I was talking to an Extension agent a while back who told me that cover crops are used by well over 80% of the growers in my area. We've come a long way from the days of deep tillage and barren winter fields.
Long ago I was so proud when an FFA video mentioned that my grandfather was an innovator in deep field tillage. Those big old plows would rip into the ground and turn over the soil on itself, opening the soil and burying weed seeds so deep they couldn't reach the sunlight.
I remember spending time off from school pulling a shanked ripper through the field to open the soil as deep as we could. It took a lot of horsepower and tons of fuel.
When we started planting a barley cover on fallow ground, I noticed how the soil was so much more alive than in the areas we left with no cover. We grazed the cover when we could, which naturally enriched the soil.
One day I looked out and there were at least 20 red tail hawks in the field. I'm not sure if they were feeding or being driven by other natural urges, but the sight was amazing.
In the late 90s, I first visited the University of Tennessee AgResearch and Education Center at Milan. It was the first time I saw cover crops integrated into normal crop production.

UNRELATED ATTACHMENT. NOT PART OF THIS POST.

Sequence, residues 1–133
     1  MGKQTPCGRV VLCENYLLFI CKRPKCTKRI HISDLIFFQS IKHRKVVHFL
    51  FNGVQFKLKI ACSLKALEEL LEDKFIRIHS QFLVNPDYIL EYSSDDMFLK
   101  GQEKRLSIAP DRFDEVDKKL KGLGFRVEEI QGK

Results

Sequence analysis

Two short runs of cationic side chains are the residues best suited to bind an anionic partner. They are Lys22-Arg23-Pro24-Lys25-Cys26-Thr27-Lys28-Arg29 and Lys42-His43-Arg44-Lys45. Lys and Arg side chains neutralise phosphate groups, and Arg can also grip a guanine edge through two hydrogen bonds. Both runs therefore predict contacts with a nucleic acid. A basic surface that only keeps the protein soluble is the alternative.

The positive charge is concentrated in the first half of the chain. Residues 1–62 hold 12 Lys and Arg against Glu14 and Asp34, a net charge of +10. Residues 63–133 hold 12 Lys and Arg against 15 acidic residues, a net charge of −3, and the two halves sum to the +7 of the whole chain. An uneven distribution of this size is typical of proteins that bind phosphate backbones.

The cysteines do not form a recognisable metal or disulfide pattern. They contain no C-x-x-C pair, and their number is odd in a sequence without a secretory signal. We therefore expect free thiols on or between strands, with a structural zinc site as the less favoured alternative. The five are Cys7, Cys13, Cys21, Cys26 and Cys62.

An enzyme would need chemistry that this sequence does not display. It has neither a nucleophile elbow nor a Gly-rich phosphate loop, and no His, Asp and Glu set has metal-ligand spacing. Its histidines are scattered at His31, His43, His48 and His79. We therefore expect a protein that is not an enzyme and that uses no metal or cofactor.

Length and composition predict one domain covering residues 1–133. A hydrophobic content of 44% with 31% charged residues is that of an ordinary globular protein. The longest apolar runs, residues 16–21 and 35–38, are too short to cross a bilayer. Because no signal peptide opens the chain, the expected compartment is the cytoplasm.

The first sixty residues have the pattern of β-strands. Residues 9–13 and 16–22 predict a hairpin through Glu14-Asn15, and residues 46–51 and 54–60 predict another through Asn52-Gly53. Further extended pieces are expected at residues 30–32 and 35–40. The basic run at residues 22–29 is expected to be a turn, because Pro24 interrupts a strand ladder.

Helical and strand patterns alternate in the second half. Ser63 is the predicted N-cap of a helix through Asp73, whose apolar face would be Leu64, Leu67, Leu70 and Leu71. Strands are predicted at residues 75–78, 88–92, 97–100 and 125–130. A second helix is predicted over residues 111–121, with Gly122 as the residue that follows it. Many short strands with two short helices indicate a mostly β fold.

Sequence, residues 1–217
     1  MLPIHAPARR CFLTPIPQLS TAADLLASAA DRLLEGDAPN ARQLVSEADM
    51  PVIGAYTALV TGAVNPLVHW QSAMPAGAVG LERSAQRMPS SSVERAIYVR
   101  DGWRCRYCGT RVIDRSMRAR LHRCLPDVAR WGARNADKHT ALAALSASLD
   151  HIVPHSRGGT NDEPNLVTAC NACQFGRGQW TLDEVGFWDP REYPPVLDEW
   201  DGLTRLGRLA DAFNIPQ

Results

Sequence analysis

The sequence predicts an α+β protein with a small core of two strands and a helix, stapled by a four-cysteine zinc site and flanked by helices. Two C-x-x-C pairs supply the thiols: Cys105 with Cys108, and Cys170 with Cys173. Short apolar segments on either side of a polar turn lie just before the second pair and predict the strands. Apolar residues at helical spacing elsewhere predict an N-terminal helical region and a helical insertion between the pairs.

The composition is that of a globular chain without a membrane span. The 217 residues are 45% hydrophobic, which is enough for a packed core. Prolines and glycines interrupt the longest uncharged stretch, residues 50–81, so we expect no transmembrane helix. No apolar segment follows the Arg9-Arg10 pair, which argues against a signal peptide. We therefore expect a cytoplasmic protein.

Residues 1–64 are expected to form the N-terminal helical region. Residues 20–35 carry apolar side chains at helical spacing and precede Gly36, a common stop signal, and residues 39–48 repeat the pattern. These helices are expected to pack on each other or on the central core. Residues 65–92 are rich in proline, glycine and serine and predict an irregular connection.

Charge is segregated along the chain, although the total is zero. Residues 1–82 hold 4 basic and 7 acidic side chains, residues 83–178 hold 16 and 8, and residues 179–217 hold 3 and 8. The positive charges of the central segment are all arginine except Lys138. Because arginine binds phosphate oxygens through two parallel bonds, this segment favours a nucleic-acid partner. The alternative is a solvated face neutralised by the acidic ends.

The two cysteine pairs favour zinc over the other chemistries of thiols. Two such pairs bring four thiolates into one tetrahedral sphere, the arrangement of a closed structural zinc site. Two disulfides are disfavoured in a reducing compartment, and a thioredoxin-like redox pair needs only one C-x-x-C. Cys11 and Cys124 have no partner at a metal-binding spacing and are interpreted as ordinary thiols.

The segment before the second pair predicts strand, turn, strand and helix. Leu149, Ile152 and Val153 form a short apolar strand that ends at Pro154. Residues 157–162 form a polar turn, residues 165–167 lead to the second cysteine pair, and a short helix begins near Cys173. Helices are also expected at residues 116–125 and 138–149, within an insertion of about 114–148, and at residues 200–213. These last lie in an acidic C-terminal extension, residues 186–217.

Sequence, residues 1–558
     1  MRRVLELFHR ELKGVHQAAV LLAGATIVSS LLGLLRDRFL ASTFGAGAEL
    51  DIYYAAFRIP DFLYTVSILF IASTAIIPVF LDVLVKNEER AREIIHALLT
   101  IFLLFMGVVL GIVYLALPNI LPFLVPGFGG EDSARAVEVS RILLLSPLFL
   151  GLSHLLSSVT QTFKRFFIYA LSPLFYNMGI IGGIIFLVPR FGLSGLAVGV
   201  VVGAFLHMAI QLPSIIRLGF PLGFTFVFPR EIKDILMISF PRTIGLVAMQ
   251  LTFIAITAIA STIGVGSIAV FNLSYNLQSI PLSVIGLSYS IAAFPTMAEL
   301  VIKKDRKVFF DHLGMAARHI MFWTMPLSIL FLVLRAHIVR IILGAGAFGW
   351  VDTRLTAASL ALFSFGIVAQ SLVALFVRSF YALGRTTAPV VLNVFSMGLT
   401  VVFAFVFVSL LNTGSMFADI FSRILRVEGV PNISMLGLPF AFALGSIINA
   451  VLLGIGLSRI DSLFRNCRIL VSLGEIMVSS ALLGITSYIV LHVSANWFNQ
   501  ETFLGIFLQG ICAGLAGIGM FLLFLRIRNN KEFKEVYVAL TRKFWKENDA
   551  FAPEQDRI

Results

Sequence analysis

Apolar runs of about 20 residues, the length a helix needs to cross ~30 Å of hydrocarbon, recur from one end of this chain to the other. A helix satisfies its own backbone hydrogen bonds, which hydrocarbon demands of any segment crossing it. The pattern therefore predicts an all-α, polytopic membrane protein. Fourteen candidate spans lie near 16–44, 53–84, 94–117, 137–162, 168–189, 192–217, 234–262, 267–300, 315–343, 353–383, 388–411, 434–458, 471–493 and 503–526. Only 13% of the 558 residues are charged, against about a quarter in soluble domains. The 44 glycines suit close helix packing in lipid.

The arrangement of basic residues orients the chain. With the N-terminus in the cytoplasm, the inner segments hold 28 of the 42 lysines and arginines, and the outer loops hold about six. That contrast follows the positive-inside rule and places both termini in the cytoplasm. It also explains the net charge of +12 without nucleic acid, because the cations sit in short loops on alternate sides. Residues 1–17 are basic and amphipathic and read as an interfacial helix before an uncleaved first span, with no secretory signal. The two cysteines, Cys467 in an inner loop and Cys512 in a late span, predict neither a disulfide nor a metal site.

Since that time it has become an accepted practice in those areas where rainfall can support a winter cover.
The techniques and cover vary. Across the road I have a producer who broadcasts barley like we did on our place.
This year, the barley looked great. When it came time to plant his beans it looked like a mess and I wondered how the beans would make it up through all the stubble and stalks.
Now, it is a beautiful stand of soybeans with nary a stalk of barley poking through the canopy of beans. The runoff from the rain comes out of the field and runs along my property. The flow is never clouded with soil erosion.
And, soil health is so much better now than it was 20-plus years ago.
My favorite demonstration is when Bill Robertson, Extension agronomist at the University of Arkansas, buries a pair of cotton underwear in a field that has had continuous cover crops versus a field that has had no cover.
The result is a more decomposed pair of undies – usually just the elastic band - where the soil environment is healthy and alive because it hasn't been ripped apart and disturbed.
Growers are currently determining which approach they will make for this winter's cover, whether it be broadcasting a prescriptive selection of covers or letting the cover come in naturally.
Either way, it's nice to see the drainage running clear beside my place.